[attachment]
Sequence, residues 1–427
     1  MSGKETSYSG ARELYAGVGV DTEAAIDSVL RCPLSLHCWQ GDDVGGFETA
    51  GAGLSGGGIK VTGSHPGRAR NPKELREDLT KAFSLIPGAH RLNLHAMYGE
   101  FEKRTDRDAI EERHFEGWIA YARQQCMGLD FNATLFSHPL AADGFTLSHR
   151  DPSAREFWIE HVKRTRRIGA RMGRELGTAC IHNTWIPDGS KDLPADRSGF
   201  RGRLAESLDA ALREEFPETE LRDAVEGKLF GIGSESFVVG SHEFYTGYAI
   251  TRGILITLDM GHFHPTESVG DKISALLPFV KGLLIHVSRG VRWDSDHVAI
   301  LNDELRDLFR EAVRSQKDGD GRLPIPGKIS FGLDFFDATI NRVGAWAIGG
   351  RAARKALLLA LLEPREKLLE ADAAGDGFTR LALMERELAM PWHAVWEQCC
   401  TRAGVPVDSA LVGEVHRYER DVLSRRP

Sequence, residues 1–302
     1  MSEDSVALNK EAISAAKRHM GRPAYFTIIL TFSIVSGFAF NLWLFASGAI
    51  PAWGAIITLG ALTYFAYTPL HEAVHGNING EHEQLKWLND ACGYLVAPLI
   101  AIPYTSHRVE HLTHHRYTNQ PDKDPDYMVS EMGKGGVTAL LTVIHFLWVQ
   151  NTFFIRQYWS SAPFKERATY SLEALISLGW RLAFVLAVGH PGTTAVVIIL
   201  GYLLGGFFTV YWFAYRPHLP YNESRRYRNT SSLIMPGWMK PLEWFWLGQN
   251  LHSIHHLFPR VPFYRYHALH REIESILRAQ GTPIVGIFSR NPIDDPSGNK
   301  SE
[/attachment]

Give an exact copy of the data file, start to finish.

Sequence, residues 1–427
     1  MSGKETSYSG ARELYAGVGV DTEAAIDSVL RCPLSLHCWQ GDDVGGFETA
    51  GAGLSGGGIK VTGSHPGRAR NPKELREDLT KAFSLIPGAH RLNLHAMYGE
   101  FEKRTDRDAI EERHFEGWIA YARQQCMGLD FNATLFSHPL AADGFTLSHR
   151  DPSAREFWIE HVKRTRRIGA RMGRELGTAC IHNTWIPDGS KDLPADRSGF
   201  RGRLAESLDA ALREEFPETE LRDAVEGKLF GIGSESFVVG SHEFYTGYAI
   251  TRGILITLDM GHFHPTESVG DKISALLPFV KGLLIHVSRG VRWDSDHVAI
   301  LNDELRDLFR EAVRSQKDGD GRLPIPGKIS FGLDFFDATI NRVGAWAIGG
   351  RAARKALLLA LLEPREKLLE ADAAGDGFTR LALMERELAM PWHAVWEQCC
   401  TRAGVPVDSA LVGEVHRYER DVLSRRP

Sequence, residues 1–302
     1  MSEDSVALNK EAISAAKRHM GRPAYFTIIL TFSIVSGFAF NLWLFASGAI
    51  PAWGAIITLG ALTYFAYTPL HEAVHGNING EHEQLKWLND ACGYLVAPLI
   101  AIPYTSHRVE HLTHHRYTNQ PDKDPDYMVS EMGKGGVTAL LTVIHFLWVQ
   151  NTFFIRQYWS SAPFKERATY SLEALISLGW RLAFVLAVGH PGTTAVVIIL
   201  GYLLGGFFTV YWFAYRPHLP YNESRRYRNT SSLIMPGWMK PLEWFWLGQN
   251  LHSIHHLFPR VPFYRYHALH REIESILRAQ GTPIVGIFSR NPIDDPSGNK
   301  SE